Unique Comparison – DTU vs. vCore Based Model

Assuming that you already have a basic understanding of what DTU is and the availability of vCore based model while choosing Azure SQL database offering, let’s quickly look into the facts about how do they differ –

Azure SQL Database DTU Versus vCore - Ballard Chalmers

Under Basic/Standard Tier, 100 DTUs = 1 vCore
Premium Tier, 125 DTUs = 1 vCore

Microsoft provides the following query to see how the DTUs maps to vCores among Gen4 and Gen5 hardware configurations –

;WITH dtu_vcore_map AS
SELECT TOP (1) rg.slo_name,
               CASE WHEN rg.slo_name LIKE '%SQLG4%' THEN 'Gen4'
                    WHEN rg.slo_name LIKE '%SQLGZ%' THEN 'Gen4'
                    WHEN rg.slo_name LIKE '%SQLG5%' THEN 'Gen5'
                    WHEN rg.slo_name LIKE '%SQLG6%' THEN 'Gen5'
               END AS dtu_hardware_gen,
               s.scheduler_count * CAST(rg.instance_cap_cpu/100. AS decimal(3,2)) AS dtu_logical_cpus,
               CAST((jo.process_memory_limit_mb / s.scheduler_count) / 1024. AS decimal(4,2)) AS dtu_memory_per_core_gb
FROM sys.dm_user_db_resource_governance AS rg
CROSS JOIN (SELECT COUNT(1) AS scheduler_count FROM sys.dm_os_schedulers WHERE status = 'VISIBLE ONLINE') AS s
CROSS JOIN sys.dm_os_job_object AS jo
WHERE dtu_limit > 0
      DB_NAME() <> 'master'
SELECT dtu_logical_cpus,
       CASE WHEN dtu_hardware_gen = 'Gen4' THEN dtu_logical_cpus
            WHEN dtu_hardware_gen = 'Gen5' THEN dtu_logical_cpus * 0.7
       END AS Gen4_vcores,
       7 AS Gen4_memory_per_core_gb,
       CASE WHEN dtu_hardware_gen = 'Gen4' THEN dtu_logical_cpus * 1.7
            WHEN dtu_hardware_gen = 'Gen5' THEN dtu_logical_cpus
       END AS Gen5_vcores,
       5.05 AS Gen5_memory_per_core_gb,
       CASE WHEN dtu_hardware_gen = 'Gen4' THEN dtu_logical_cpus
            WHEN dtu_hardware_gen = 'Gen5' THEN dtu_logical_cpus * 0.8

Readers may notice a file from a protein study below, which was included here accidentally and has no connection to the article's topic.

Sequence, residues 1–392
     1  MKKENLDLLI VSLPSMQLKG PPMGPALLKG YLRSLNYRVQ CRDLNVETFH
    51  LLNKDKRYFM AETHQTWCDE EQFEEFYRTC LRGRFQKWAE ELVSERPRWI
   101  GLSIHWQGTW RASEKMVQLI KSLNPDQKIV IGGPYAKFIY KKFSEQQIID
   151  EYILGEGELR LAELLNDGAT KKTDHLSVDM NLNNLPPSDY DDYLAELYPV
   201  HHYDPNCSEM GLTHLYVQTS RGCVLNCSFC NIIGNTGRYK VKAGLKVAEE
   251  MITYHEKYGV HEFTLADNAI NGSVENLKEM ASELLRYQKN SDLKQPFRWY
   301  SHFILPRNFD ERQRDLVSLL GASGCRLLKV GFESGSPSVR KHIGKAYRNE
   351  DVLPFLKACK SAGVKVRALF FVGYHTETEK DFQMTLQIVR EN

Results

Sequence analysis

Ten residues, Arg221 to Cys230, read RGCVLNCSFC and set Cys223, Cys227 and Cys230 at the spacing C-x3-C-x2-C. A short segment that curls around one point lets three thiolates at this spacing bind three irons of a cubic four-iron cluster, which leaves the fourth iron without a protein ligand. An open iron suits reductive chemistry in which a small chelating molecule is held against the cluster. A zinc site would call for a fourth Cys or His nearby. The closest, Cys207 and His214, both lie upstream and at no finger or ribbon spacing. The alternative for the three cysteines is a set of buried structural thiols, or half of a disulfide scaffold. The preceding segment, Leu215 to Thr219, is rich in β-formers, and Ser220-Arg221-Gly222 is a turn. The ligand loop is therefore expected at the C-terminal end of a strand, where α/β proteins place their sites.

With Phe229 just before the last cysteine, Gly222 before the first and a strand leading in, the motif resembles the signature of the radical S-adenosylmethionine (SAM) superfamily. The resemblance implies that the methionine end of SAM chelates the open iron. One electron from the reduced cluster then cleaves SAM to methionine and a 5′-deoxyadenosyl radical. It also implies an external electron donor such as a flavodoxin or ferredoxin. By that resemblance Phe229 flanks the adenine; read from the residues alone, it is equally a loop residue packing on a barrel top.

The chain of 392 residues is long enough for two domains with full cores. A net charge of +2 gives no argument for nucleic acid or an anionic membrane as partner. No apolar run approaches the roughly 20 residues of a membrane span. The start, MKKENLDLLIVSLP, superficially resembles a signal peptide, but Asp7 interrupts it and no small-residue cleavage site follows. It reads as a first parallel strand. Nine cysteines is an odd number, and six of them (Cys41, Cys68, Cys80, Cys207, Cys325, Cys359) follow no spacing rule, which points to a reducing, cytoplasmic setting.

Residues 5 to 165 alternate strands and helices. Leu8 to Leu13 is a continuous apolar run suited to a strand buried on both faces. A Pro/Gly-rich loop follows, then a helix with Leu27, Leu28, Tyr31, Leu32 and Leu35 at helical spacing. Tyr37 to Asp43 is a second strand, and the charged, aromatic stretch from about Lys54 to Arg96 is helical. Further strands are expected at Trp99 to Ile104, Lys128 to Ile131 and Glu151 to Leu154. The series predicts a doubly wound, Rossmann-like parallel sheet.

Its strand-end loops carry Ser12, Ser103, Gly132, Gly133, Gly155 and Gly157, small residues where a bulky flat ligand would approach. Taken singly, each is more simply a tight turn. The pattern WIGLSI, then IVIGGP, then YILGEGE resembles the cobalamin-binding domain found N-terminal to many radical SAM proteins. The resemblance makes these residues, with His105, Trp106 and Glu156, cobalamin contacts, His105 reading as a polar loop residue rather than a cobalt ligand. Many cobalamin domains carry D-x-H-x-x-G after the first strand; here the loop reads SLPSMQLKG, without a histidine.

END AS Fsv2_vcores,
       1.89 AS Fsv2_memory_per_core_gb,
       CASE WHEN dtu_hardware_gen = 'Gen4' THEN dtu_logical_cpus * 1.4
            WHEN dtu_hardware_gen = 'Gen5' THEN dtu_logical_cpus * 0.9
       END AS M_vcores,
       29.4 AS M_memory_per_core_gb
FROM dtu_vcore_map;

Little out of the context, sys.dm_user_db_resource_governance is the DMV here. But note that this is just an approximation of mapping not an exact but still a good reference to keep in mind while comparing the two models.

Best part is that you can switch between DTU and vCore based model anytime and vice-versa.

General guidelines are that if you are starting fresh then DTU can be a better option as it’s the most economical one and follows the basic thumb rule of being on cloud that start with small and then scale. You can start with the least configuration which costs about < $5 per month. On the other hand, the minimum configuration for vCore model is 2 vCores which is around $400 per month. So, you can see the difference cost-wise.

If you are wondering why there is so much difference in the cost, one of the factor is that their underlying architecture is also different. Under DTU model, cost is the lumpsum amount which includes your storage, memory and the CPUs whereas in vCore based model, you are charged separately for storage.

Under DTU model, you have no control over the underlying hardware. Azure can choose any generations of available hardware. In vCore model, you can explicitly choose whether you want to go with Gen4 or Gen5 machines.

If storage is your priority and you want to differentiate between these two options then cost makes a significant and huge difference. Under the Standard tier of DTU model, maximum allowed storage is 1TB i.e. a database can go a maximum of 1TB in size. Minimum DTUs that you need to get 1TB size is 100 DTUs which costs around $150. Whereas in vCore based model, even minimum configuration of 2 vCores allows upto 4TB of storage but costs you about $560 per month.

If you need to have 4TB of storage then vCore based model is a cheaper option. Minimum DTUs that supports a storage upto 4TB is 1750 DTUs which costs about $7K….huge huge difference.

Next question might be that if vCore based model is the choice then why not to go with Azure SQL Managed Instance which is also a vCore based methodology? In fact, this is a great question. Price wise both are almost same. Some negligible difference is there but not a significant factor to make a decision. You can consider other factors that differentiate two services based on to your scenarios e.g. it’s not possible to switch between vCore based model and Managed Instance as both are different services but you can switch back to DTU model from vCore anytime if you fall in that situation.